The one person in this book that I just couldn't understand was Linda, Leonard's mum. I can see how it would be awful to have what happened to Leonard happen to your child - just the thought of it happening to one of my girls gives me nightmares - but how on earth can you just abandon them because you can't deal with it? And how selfish do you have to be to not want your child to get the help he needs, because you don't want to be told that everything is your fault (the reason she won't let Leonard see a therapist)? I just couldn't see my way past that. Parents generally aren't portrayed in the best light in this book. Both Linda and Mrs Beal are portrayed as oblivious and in Asher's case enabling, and both dads seem to be absent. Lauren's parents are only mentioned in the context of Lauren's being home-schooled and their faith, not in terms of their actual parenting.
Quick's writing is different, with typographical tricks, elaborate footnotes, and interludes in the forms of letters from the future written by Leonard's future loved ones. These last confused me a bit, because I hadn't expected this rather science-fictional element to show up. I loved the use of the footnotes as some of the most important things were said in the footnotes, they were a fun way to tell more of Leonard's history, without breaking the immediacy of the narrative of Leonard's birthday.
Forgive Me, Leonard Peacock addresses some very tough issues, such as bullying, abuse, and depression, but does so without sermonising or becoming so bleak there is no returning to the light. Matthew Quick's Forgive Me, Leonard Peacock is a wonderful book, one that touched me deeply. Leonard's journey through his birthday was deeply tragic, at times desperately funny, heart-breaking and uplifting. It ends on hope, hope for a happier future, for justice, but mostly a future, any future period.
This book was provided for review by the publisher.
1 of 1 people found the following review helpful
5.0 out of 5 stars Beautiful and utterly brilliant - one of the best books I've ever read,
Forgive Me, Leonard Peacock is all sorts of amazing. Intelligent, poignant, witty, provocative and deeply touching - I freely admit it made me cry big fat ugly tears while I was reading the final chapters on the train home from work.
Leonard Peacock is a self-absorbed and highly unlikeable character yet I sympathised with him immensely and through author Matthew Quick's raw and honest portrayal of his main protagonist I came to understand what could drive Leonard to such extremism. I don't condone his choices nor do I believe it is ever the solution, but I did came to feel greatly compassionate towards him. After all, as Herr Silverman in the book says, we can simultaneously be human and monster - both those possibilities are in all of us.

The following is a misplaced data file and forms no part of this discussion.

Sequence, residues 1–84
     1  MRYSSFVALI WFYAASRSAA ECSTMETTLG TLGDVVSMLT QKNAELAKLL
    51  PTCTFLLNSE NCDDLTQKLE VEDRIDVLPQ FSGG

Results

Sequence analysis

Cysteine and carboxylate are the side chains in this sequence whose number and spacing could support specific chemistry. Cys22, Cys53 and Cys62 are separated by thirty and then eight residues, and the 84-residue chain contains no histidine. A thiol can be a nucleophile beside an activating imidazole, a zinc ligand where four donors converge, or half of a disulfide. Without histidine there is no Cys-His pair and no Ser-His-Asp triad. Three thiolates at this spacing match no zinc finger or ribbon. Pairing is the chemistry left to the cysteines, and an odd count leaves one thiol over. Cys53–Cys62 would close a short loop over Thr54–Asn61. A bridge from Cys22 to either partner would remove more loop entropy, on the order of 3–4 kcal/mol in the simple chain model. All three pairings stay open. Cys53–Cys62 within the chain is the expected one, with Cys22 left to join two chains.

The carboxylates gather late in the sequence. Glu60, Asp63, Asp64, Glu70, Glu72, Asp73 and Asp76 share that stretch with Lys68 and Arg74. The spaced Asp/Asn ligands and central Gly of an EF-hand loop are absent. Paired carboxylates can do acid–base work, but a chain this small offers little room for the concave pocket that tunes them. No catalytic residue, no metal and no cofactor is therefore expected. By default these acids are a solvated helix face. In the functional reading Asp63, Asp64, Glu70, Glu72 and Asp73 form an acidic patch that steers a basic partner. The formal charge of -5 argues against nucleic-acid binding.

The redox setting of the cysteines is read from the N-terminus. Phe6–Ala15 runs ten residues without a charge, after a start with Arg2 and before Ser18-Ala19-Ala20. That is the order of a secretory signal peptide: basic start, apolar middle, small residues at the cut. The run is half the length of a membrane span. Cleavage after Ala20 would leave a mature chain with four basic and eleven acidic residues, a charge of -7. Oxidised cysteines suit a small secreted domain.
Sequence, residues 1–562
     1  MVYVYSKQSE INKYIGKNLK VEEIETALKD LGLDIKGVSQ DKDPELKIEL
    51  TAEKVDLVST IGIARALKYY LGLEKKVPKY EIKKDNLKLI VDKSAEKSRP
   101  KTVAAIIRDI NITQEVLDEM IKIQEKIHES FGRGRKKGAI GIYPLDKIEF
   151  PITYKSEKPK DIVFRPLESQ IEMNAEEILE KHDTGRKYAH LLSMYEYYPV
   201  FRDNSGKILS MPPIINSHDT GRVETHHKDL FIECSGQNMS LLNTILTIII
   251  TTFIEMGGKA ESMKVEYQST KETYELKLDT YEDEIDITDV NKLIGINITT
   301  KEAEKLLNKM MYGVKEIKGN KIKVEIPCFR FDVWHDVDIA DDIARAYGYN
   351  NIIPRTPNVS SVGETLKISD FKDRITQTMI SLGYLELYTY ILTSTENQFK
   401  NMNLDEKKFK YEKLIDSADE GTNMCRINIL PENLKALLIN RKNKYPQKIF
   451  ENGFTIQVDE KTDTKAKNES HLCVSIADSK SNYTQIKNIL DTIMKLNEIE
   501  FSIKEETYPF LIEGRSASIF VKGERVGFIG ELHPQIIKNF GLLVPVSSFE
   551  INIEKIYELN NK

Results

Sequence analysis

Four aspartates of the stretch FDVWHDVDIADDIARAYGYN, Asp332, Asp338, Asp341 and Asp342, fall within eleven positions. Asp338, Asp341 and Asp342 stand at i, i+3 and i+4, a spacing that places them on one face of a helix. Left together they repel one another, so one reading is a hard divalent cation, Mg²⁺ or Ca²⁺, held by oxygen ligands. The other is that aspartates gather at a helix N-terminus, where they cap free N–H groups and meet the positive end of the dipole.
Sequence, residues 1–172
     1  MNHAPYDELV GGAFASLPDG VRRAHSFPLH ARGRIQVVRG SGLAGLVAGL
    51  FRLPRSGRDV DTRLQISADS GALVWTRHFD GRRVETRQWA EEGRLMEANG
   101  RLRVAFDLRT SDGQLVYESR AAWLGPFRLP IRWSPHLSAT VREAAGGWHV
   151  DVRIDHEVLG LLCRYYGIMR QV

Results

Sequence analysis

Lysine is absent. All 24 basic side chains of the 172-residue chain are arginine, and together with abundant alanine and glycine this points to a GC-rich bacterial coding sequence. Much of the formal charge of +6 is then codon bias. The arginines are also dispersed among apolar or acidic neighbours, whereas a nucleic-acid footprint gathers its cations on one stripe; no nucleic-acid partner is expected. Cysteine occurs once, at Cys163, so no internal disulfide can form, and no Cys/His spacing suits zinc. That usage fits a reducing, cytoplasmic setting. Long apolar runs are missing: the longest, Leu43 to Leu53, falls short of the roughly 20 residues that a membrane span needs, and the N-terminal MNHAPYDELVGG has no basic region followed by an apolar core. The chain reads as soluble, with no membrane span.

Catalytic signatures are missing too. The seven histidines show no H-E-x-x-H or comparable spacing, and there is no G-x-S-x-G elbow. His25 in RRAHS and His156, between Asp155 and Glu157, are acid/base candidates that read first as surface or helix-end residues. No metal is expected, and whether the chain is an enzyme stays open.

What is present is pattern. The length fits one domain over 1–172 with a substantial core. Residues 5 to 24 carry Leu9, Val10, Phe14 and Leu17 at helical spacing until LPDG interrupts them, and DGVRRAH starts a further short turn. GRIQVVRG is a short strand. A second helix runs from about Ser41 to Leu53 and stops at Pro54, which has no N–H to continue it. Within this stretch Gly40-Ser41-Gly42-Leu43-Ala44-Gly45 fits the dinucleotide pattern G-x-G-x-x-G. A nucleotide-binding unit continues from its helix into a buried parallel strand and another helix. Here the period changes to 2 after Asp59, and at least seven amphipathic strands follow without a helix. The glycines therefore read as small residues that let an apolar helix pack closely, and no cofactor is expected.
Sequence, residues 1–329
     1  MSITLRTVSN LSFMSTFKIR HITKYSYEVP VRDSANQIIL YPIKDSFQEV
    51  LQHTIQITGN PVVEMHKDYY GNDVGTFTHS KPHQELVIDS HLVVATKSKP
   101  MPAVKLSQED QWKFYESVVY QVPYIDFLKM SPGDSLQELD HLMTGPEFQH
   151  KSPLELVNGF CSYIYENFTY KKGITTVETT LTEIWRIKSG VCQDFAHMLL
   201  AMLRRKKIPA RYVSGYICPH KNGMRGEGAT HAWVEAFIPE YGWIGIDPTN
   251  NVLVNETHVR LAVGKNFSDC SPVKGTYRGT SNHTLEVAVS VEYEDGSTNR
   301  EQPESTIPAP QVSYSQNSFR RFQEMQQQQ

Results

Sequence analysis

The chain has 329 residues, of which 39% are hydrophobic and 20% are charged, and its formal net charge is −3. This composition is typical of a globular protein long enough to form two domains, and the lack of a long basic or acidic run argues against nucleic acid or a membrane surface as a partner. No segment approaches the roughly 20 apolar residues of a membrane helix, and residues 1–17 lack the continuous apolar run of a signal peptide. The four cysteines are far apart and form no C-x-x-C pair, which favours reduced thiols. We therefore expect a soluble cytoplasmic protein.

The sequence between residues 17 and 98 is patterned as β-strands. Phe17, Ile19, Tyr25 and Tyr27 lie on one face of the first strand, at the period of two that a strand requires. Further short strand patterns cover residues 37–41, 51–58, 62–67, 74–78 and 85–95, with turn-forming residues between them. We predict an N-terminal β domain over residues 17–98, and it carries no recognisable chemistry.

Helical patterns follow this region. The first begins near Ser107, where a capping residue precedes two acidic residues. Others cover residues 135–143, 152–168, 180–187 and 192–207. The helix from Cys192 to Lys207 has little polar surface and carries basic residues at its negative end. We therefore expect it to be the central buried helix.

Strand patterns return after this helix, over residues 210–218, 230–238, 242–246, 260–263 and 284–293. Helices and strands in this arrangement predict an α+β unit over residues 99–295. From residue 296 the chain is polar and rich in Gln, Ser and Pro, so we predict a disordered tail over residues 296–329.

At the heart of the novel is the very sensitive subject of suicide which could have easily made this a melancholy and emotionally draining novel, and while there were certainly occurrences of that it was also surprisingly witty and humorous. Furthermore, Leonard is highly intelligent and his fascinating and depressingly accurate perspective of the world, his existence and that of the drones around him made for a riveting read.
The book was also incredibly thought-provoking. Not just about the more obvious topics such as suicide and the immense impact bullying can have on a person, but also about subjects that are covered in Leonard's classes such as Shakespeare and the holocaust; these were less touched upon but equally attributed to making this such a unique and brilliant piece of writing.
Quick has a magical way with words and I relished each and every one of them within this novel, they conveyed so much in their simplicity. For example:
"It's a depressing reality how my classmates make love to their ignorance."
"You're different. And I'm different too. Different is good. But different is hard. Believe me, I know."
After this nothing short of brilliant introduction to Quick's writing I'll be sure to check out his other novels as well, because I definitely need to read more books of this calibre and which are both emotionally and intellectually stimulating.
It's been a while since a piece of fiction has reduced me to incoherently gushing over its contents, but Forgive Me, Leonard Peacock is all kinds of special and I cannot seem to find the right words to do justice to just how much it has touched me and made me think.
Beautiful and utterly brilliant this simply one of the best books I have ever read. Thank you Matthew Quick, thank you very much.
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Forgive Me, Leonard Peacock by Matthew Quick (Paperback - 16 Jan 2014)